The Video Electronics Standards Association (VESA, Newark CA) has published the Embedded DisplayPort (eDP) Standard version 1.4a. Replacing eDP v1.4, published in February 2013, eDP 1.4a enables a higher video data transfer rate for increased panel resolution, greater color depth and higher refresh rates. It also incorporates the VESA Display Stream Compression (DSC) Standard v1.1, and includes a new segmented panel architecture that enables higher panel integration. These and other refinements were made to the eDP 1.4a standard to take advantage of higher GPU video performance and newer display technologies, while also enabling reduced system power and form factor.
The eDP v1.4a standard leverages the VESA DisplayPort (DP) Standard v1.3, published in September 2014, as a base specification. That standard’s new higher HBR3 link rate, which operates at 8.1Gbps per lane, is now also part of eDP v1.4a. With both HBR3 and the DSC v1.1 standard included, the latest eDP standard can support embedded panels with up to 8K resolution. For embedded display applications, DSC is most often used to decrease video interface data rate or wire count, as well as reduce display frame buffer size, thereby reducing system power usage to extend battery life. It also enables reductions in system complexity and form factor.
The new Embedded DisplayPort (eDP) v1.4a specification supports Segmented Panel display architectures, which are designed to enable thinner, lighter and lower-cost panels that use less power.
A new feature in eDP v1.4a is “Multi-SST Operation” (MSO), which supports a new type of display architecture that VESA calls “Segmented Panel Display.” Segmented Panel Display enables thinner, lighter and lower-cost panels that use less power. In operation, MSO allows the four high-speed eDP data lanes within the eDP interface to be divided between either two or four independent panel segments. For lower resolutions, two lanes can be used to support two panel segments. This panel segmentation enables a higher level of integration on high-resolution displays; each segment can contain a separate timing controller with integrated source drivers.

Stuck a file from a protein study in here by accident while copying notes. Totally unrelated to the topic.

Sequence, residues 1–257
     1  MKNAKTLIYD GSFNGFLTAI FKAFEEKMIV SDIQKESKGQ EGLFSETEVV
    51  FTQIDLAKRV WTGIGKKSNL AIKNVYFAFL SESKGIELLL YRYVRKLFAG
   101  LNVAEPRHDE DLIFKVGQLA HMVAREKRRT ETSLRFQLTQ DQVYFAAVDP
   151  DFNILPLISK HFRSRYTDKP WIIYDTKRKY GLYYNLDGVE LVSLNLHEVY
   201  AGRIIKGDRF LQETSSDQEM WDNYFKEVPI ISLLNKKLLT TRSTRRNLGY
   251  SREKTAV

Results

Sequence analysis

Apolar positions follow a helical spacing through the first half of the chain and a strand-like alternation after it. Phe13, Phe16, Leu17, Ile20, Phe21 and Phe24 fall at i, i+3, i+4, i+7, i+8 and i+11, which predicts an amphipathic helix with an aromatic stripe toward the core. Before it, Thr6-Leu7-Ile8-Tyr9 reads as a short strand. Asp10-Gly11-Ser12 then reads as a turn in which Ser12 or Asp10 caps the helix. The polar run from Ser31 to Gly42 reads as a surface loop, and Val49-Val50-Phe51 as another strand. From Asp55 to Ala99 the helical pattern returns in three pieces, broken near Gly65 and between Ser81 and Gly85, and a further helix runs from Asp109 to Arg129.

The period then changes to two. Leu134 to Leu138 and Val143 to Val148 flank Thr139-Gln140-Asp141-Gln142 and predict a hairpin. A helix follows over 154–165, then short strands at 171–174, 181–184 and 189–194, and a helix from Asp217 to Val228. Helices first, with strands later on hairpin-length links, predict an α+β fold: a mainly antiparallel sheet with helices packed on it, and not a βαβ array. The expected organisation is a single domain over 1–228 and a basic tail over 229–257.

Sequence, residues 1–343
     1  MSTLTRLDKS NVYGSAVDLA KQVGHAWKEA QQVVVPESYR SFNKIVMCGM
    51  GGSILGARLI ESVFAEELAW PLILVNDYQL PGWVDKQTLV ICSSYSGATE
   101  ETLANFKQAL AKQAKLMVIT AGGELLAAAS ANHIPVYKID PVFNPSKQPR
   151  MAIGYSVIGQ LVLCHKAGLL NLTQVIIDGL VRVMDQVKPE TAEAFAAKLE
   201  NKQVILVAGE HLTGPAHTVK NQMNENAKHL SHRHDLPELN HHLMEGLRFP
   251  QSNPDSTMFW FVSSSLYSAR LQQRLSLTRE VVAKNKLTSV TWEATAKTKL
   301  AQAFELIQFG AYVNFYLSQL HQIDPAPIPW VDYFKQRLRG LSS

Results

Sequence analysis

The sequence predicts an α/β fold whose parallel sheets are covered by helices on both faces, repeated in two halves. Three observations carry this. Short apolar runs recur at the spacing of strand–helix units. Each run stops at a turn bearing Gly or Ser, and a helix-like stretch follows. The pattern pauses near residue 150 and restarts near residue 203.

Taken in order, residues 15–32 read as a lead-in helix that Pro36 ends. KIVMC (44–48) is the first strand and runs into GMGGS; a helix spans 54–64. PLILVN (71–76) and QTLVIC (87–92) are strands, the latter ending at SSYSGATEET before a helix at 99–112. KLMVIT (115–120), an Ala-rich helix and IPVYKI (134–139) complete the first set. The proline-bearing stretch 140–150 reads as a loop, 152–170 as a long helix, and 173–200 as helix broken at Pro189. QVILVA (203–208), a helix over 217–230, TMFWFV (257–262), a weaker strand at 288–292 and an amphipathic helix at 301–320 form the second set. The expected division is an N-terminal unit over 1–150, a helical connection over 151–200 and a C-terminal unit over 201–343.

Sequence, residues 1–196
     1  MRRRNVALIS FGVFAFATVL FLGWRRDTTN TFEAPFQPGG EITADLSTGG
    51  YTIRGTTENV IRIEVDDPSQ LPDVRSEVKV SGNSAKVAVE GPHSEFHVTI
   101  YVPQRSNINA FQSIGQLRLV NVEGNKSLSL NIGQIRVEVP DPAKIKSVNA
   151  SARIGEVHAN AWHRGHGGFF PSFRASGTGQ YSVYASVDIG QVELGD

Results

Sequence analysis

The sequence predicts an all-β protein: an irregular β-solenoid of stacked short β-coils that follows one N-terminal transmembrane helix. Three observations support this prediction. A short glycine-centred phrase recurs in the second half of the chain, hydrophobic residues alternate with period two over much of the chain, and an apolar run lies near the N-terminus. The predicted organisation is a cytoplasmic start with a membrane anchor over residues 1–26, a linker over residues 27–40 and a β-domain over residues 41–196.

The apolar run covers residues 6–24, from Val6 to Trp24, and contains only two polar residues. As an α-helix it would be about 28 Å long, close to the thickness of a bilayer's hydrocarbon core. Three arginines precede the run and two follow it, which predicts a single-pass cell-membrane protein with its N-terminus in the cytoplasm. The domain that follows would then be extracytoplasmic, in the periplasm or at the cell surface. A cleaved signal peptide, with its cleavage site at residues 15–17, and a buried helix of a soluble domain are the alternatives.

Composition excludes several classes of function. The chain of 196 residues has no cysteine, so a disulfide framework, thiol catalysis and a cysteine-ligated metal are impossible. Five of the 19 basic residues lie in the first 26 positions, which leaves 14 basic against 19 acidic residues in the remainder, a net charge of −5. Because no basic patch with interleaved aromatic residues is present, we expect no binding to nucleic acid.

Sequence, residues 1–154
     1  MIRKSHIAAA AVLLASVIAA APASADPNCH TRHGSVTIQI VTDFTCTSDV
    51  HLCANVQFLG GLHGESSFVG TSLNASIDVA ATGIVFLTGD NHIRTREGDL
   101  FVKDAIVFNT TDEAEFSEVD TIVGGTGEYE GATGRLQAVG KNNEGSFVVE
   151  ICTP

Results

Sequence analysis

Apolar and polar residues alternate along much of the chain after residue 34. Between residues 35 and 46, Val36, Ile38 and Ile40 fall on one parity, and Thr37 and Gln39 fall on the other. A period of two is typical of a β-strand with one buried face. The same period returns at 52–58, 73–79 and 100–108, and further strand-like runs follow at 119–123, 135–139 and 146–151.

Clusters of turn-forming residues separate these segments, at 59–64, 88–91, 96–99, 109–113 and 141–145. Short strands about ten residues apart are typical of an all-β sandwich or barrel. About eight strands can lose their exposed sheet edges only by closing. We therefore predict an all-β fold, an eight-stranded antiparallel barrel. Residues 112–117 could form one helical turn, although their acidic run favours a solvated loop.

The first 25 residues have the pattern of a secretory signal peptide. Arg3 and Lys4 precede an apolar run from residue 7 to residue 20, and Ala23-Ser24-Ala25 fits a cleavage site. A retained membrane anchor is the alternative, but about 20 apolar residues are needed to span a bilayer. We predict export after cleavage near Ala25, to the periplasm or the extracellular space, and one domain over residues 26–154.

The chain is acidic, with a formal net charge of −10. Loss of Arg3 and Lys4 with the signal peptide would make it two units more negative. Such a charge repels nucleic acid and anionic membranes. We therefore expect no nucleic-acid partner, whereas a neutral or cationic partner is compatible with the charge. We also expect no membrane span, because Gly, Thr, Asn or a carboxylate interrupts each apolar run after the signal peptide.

According to Vice President Bong-Hyun You of Samsung Display Co., Ltd., “The Multi-SST Architecture enables greater design flexibility and power savings in new LCD panel technologies for embedded high resolution displays. Samsung proposed this feature in order to permit panel makers to make even broader usage of the eDP interface in advanced panels, as well as reduce panel thickness, reduce power draw and reduce cost.”
eDP 1.4a also includes refinements to the partial update capability for Panel Self Refresh (PSR) that was introduced in eDP 1.4. Partial update enables the system video processor, or GPU, to update only the portion of the display that has changed since the video frame update, further saving system power.
According to Craig Wiley, Senior Director of Marketing at Parade Technologies, VESA board member, and editor for eDP 1.4a, “The adoption of eDP for embedded displays is now positioned for growth as eDP 1.4a has become highly optimized, especially at resolutions above quad HD. Compared to other embedded interfaces, it has the richest feature set along with the lowest power, wire count and EMI radiation, particularly when used with high-resolution panels. It will continue to evolve, along with DisplayPort, but with its own unique features specifically optimized for embedded applications, such as all-in-one PCs, notebooks, tablets and smartphones.”